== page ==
Youth Vaping: A concern that does not warrant the banning of e-cigarettes or flavours

Recent news about the growth of youth vaping in the United States of America are a cause for concern across the vaping world. The emergence of illicit vaping products containing THC and Vitamin E Acetate Oil is a most troubling development which threatens to undo the goodwill the industry has built up due to its less harmful profile compared to combustible tobacco products. The deaths have led to growing perceptions that vaping nicotine is more dangerous than smoking. This is an unwarranted view which is not borne out by the facts. Public Health England, the Royal College of Physicians, Cancer Research UK, the US National Academies of Science and many other reputable health research organisations have found that vaping nicotine is 95% less harmful than smoking. Public Health England has reiterated this position, despite the ongoing problems in the US.

There are also growing concerns that the use of e-cigarettes by young people may be a gateway to smoking tobacco. Certainly, evidence from the US would seem to bear out this concern. However, the evidence does not take account of the fact that the US does not have any real regulation on vaping. As a result, the market in that country has been a free for all. Predatory marketing practices by some of the market players have led to perceptions that vaping is a “cool” habit without any risks. Contrary to the US experience, in the UK and across the EU, where strict regulations on vaping have been instituted, research has proven the opposite effect. Research published by Action on Smoking and Health UK found that “Vaping is much less common among young people who have never smoked. A large majority of never smokers aged 11-18, 93.8% in total, have either never used an e-cigarette (87.8%) or are not aware of them (6.0%). Of young people aged 11-18 years old who have never smoked, 5.5% have ever tried e-cigarettes, 0.8% are current vapers, only 0.1% vape more than once a week, and not a single never smoker reported vaping daily”.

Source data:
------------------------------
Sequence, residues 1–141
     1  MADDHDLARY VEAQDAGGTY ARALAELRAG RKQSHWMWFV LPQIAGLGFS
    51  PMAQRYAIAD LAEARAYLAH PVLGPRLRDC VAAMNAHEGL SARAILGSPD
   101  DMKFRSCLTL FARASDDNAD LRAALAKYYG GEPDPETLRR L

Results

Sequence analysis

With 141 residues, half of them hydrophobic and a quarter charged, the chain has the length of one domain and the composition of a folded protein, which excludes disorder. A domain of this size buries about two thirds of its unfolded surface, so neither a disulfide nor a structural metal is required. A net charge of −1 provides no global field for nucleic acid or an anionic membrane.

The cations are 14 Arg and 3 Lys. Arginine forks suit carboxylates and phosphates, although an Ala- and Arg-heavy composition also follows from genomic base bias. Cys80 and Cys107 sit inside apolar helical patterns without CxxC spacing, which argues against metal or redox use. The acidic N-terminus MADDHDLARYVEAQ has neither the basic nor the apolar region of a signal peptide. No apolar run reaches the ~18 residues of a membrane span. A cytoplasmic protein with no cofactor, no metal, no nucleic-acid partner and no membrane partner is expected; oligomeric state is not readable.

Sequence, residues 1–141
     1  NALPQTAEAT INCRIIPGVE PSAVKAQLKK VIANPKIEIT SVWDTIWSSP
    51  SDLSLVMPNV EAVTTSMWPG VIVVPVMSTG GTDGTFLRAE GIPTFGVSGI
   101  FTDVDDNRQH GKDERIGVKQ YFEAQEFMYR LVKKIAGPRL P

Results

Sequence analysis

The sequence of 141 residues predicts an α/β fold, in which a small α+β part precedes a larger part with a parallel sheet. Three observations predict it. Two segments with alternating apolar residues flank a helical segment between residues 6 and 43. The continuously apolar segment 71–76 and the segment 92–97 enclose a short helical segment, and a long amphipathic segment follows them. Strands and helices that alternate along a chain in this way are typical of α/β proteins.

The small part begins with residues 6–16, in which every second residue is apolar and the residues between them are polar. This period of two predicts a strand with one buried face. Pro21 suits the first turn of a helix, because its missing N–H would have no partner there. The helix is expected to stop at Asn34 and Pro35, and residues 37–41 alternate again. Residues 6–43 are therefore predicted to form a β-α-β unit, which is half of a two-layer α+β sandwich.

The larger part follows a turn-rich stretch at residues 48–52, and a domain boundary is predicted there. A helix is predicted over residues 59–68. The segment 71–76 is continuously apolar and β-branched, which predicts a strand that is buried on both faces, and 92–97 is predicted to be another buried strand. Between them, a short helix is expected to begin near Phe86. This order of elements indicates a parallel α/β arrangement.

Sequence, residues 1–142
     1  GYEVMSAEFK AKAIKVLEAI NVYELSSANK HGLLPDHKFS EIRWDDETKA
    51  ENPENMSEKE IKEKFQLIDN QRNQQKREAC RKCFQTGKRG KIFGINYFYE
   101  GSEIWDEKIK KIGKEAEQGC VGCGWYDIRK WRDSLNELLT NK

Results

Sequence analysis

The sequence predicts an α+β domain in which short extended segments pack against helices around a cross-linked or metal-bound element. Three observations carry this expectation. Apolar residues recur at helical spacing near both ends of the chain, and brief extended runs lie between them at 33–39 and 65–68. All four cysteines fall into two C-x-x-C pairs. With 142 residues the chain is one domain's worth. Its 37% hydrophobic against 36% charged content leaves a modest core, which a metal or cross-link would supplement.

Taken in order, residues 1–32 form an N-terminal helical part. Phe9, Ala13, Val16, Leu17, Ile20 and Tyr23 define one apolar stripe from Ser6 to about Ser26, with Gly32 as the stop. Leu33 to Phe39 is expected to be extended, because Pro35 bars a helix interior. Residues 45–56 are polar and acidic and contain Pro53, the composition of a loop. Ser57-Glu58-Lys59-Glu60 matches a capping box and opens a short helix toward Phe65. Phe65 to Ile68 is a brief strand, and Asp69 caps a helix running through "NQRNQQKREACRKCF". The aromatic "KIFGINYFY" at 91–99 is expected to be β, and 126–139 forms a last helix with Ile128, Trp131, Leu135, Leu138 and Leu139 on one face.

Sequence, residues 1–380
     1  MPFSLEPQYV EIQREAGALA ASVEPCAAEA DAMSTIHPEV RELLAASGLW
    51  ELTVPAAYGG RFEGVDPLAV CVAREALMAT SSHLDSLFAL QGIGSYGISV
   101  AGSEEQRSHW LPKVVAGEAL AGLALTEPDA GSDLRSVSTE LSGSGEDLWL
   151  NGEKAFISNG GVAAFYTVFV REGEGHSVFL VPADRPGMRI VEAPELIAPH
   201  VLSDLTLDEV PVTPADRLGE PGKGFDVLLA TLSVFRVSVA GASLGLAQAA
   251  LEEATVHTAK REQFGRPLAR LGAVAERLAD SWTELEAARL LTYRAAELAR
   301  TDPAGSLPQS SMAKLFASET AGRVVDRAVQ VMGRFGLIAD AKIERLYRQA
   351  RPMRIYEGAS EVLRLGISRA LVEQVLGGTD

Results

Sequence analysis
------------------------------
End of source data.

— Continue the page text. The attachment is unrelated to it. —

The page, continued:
Speaking at the 3rd Asia Harm Reduction Forum (AHRF) that was held on 29 August 2019, in Seoul, South Korea, respected cardiologist and researcher Dr Konstantinos Farsalinos, called on global health authorities to implement harm reduction strategies that will assist smokers to give up cigarettes successfully. He further said, “…it is a huge mistake to lie to smokers (about the less harmful nature of vapes) simply because we don’t want young people to start using them”. The real and true information on smoking must be told, we simply cannot lie about the benefits of vaping in order to discourage young people from vaping.

In South Africa, the National Council Against Smoking (NCAS) has been driving a campaign to discredit vaping and equate its dangers to smoking combustible tobacco. The NCAS has used the US crisis to drive the narrative that vaping causes cancer and making statements about youth vaping that are not supported by scientific evidence. Their approach overlooks crucial scientific evidence which has clearly found that consuming nicotine in the doses available from vaping and tobacco does not, by itself, cause cancer.

It is also disingenuous of the NCAS to claim vaping makes tobacco accessible without providing any scientific basis for such a claim. There is no evidence that has been led, either by the NCAS or the Department of Health which supports this claim. At best, the two institutions are basing their position on a hunch and a feeling. In the process, they are creating a crisis of confidence in a product which represents the first real scientific advance in the area of smoking harm reduction. Facts matter in conversations about health. A disregard for these can lead people to form the wrong opinions and discourage them from making sensible decisions.